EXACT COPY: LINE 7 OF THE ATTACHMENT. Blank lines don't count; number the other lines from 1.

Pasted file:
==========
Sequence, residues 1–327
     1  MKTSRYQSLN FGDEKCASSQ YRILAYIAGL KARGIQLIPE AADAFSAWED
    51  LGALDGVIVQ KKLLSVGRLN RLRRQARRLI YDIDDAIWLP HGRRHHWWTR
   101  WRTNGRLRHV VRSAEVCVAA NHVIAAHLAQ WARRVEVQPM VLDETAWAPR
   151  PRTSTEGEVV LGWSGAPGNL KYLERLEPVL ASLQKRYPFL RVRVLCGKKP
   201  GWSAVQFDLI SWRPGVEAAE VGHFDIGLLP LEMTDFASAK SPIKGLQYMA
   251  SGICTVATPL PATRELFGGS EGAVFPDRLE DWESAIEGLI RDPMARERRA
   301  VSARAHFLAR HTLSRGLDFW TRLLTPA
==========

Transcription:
   251  SGICTVATPL PATRELFGGS EGAVFPDRLE DWESAIEGLI RDPMARERRA